AAJ: Alongside this popular gig, you've managed to keep busy with other assignments. I know you replaced Andre Watts as a concerto soloist in the Alabama Symphony, performing Rachmaninoff's "Concerto #2." How did that come about?
JL: Oh, that was back in 2001. In fact, it was 9/11. If you recall, the planes were grounded for a week after the attack. But the concert was still scheduled for September 15th in Birmingham, Ala., with Andre Watts.
He was scheduled to fly in the day before the concert, rehearse with them and then do the performance. Obviously, he couldn't fly in. I was teaching in Greenville and my management got a call desperately looking for someone who could handle Rachmaninoff's "Concerto #2." And they told them I was teaching just three hours away. And I got the gig because I was in the right place at the right time. Plus, I was teaching the third movement of the piece to one of my students for a competition at the time, so I had the hardest part of it still fresh in my head.
I had played the first and second movements in '93 for my graduating recitals and hadn't touched them too much since. I remembered a method called "cheat sheets." This is when you take the parts of the piece you're most nervous about, shrink them down to really small print, hide them inside the piano, and lay it out in such a way that you only have to touch the pages between movements.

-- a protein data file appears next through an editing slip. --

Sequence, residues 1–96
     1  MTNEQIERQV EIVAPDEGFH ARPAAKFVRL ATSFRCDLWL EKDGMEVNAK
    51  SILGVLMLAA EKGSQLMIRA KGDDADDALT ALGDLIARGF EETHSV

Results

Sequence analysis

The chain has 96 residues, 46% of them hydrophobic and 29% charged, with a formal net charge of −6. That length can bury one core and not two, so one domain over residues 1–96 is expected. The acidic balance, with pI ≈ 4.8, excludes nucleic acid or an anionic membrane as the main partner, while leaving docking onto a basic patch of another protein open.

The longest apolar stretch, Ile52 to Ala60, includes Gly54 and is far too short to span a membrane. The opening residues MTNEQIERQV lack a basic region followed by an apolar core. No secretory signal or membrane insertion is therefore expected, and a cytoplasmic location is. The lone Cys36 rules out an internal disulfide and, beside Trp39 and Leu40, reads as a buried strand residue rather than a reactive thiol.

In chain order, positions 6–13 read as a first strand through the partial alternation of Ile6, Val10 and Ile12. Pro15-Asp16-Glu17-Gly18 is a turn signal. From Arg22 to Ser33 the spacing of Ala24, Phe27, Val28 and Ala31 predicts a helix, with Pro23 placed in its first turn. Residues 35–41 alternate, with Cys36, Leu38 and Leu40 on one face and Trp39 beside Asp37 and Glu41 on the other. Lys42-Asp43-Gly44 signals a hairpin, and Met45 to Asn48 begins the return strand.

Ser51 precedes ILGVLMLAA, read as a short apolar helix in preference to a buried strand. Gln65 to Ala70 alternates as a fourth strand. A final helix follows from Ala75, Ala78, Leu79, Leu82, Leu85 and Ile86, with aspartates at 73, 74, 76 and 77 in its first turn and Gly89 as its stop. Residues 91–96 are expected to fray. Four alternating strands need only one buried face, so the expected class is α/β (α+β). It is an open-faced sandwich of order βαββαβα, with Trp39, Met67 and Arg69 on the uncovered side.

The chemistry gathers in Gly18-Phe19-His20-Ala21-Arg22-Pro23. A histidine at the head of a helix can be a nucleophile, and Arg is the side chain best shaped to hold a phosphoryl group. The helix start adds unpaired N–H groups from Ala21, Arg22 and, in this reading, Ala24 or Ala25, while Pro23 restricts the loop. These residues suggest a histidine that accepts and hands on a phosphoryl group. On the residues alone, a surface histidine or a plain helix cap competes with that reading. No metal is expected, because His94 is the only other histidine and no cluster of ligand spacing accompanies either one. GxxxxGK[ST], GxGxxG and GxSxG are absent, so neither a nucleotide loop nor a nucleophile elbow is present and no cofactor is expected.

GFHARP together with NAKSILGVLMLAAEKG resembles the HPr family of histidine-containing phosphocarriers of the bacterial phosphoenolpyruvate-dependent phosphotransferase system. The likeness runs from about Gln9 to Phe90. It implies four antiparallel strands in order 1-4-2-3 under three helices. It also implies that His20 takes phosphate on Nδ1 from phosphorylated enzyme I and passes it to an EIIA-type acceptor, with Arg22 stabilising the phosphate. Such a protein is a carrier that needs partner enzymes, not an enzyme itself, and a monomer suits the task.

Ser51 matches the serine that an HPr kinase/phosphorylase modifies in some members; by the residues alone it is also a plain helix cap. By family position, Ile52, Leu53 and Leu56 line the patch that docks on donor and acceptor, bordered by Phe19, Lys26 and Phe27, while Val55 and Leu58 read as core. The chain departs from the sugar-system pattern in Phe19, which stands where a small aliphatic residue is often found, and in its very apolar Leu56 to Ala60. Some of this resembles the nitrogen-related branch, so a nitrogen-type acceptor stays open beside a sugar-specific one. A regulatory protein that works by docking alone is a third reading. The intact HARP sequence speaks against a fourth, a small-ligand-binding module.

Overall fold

At the crucial moment, you raise your right hand with a handkerchief, wipe your brow, and then you put the handkerchief in the piano at the same time you make your switch and the audience is none the wiser.
AAJ: You must've been nervous.
JL: It all happened too fast to get nervous. It was just excitement! I was just on fire to be in such a situation. It went really well and I got a great review. I just wish it could've been recorded, but Union restrictions prevented that.